So last time I was too paralyzed with new motherhood to make a decision about what kind of birth control I wanted to use. The comments on this post were extremely helpful, but I just couldn’t make myself make the appointment to get a sharp thing stuck in my vagina after that big slippery thing had just come out. As I said in that post, I am anti-hormone, given my infertility issues in the past, and I wasn’t ready for an IUD (mentally), so I chose not to choose.

This time, I was ready.

Even before I had Emmett, I talked with my midwife about ParaGard, the hormone-free IUD. I wanted to be held accountable so someone would make me do it. We had to reschedule the insertion date due to my extra-long postpartum recovery and then unexpected surgery a few weeks ago, but yesterday I put on my big girl pants and just did it. I had a lot of anxiety around this process, and I’m sure I’m not the only one. I couldn’t find very many candid blog posts about what it actually feels like. So, here you go internet, here’s the real deal about getting an IUD inserted (for me — everyone is different, obvs).

My doctor advised me to take a bunch of Motrin 30 minutes prior to the appointment to dull the pain. Umm, thanks. That made me about a million times more nervous than I would have been if they’d said, “It’s no big deal. Just come in”. Once I got there I saw piles of cotton balls and some brown goopy stuff and tools and those sealed bags of medical accoutrements sitting on the counter. Ew. I waited an uncharacteristically long amount of time for my doctor, which made the anticipation mount even more. Once she arrived and the pleasantries were out of the way, she had me spread ’em and put in the speculum. She prodded around figuring out where exactly my uterus was, which way it was tipping, etc. This was actually the surgeon who had just done my hysteroscopy, so she was intimately familiar with my uterus (score!). She swabbed the area with soap, which just felt like a dull pressure, not pain. Then she told me to take deep breaths while she inserted the little copper T. It was kind of like when you get a shot and they have to squeeze the medicine into your arm. The shot part is a quick sting, then the liquid going in doesn’t exactly hurt, but it feels all hot and weird and it gives me the willies to think about what they’re doing. So I felt a pinch, and then a hot, cramping feeling. Not terrible at all… just… strange. Like a really minor contraction or a medium-grade period cramp. It lasted maybe 30 seconds to a minute while she inserted it and positioned it. I yoga-breathed and stared at the ceiling. Then she cut the string to the right length (there is a string so it can be pulled out when I want), which I couldn’t feel at all, and we were done.

Not comfortable, but nothing compared to the other things my uterus has had done to it recently.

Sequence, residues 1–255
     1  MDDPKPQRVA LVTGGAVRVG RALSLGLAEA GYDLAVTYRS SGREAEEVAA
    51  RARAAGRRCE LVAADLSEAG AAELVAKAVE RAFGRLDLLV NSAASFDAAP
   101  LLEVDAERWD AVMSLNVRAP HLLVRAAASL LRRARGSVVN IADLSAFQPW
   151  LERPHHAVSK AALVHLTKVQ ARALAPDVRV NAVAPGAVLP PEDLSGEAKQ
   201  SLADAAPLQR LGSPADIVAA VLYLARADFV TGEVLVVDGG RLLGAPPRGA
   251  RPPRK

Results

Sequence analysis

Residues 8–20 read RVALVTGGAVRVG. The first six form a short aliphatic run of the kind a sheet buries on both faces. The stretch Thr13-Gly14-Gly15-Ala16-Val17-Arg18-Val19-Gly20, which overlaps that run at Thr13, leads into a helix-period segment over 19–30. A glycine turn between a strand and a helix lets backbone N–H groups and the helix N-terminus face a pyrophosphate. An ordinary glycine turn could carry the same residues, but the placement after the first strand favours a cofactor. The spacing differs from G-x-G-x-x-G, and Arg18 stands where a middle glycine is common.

I mentioned in my other post that I had heard people say their partner could feel the string of their IUD during sex. Ew. She said that she has heard this complaint with Mirena (the hormone-releasing IUD), but never with ParaGard. Apparently the strings are made from different materials and the ParaGard one is preferable. Phew.

Since then I’ve had some minor cramping, like a period (not that I remember what THAT feels like!), but really nothing to complain about. The thing is good for up to 10 years if I want it, and the whole thing was covered entirely by my insurance. Hooray.

So glad it’s over, and it really wasn’t that bad. This was definitely the right contraception choice for us, and I look forward to condomless and baby-free sex.


P.S. If any friends or family members are still reading, I’m sorry. And I told you so.

She Says… “Working on it”

When I was in school, I was constantly working. Working on schoolwork, working on my a cappella group, working on some artistic endeavor on the side, working on a relationship. When I graduated I was working on getting fit and going to the gym, working on getting a job, working at that job once I got it, working on our fixer-upper house.

When Owen was born I remember “working on” things with him to. Working on stretching feedings to be further apart, working on getting more hours of sleep, working on eating more ounces, working on pumping, working on tummy time. My brain was constantly working, working, working on figuring out our next step or what we “should” be doing.

I love to work. It’s at the very core of my personality — always striving to be better. And while I get great satisfaction out of growing and changing through the work I’m doing, it also has the potential to leave me feeling dissatisfied or frustrated some of the time, when the work isn’t living up to my high expectations.

Recently I realized one of the biggest ways I have grown as a parent (and as a person) in the last few years. Less “working on” things. More appreciating where we are this very second.

With Emmett, I haven’t really “worked on” anything. He just… is. If he’s hungry, he’s hungry. There is no “well, he shouldn’t eat for another hour…”. If he’s sleepy, he’s sleepy, even if he just woke up 30 minutes ago. This clearly isn’t rocket science, but this mental shift is the impetus behind my new laid-back parenting style and it has had a huge impact on my general stress level. Don’t get me wrong, I still have the can’t-stop-won’t-stop-working-on-something side of my personality, I’ve just channeled it into projects like cleaning my office and creating Halloween costumes and making dinners from scratch. Things that, if they happen to get left off of the To Do list for the day, really have no impact on our lives. So I’m still “working on” things, but I’m not sweating if it doesn’t work out.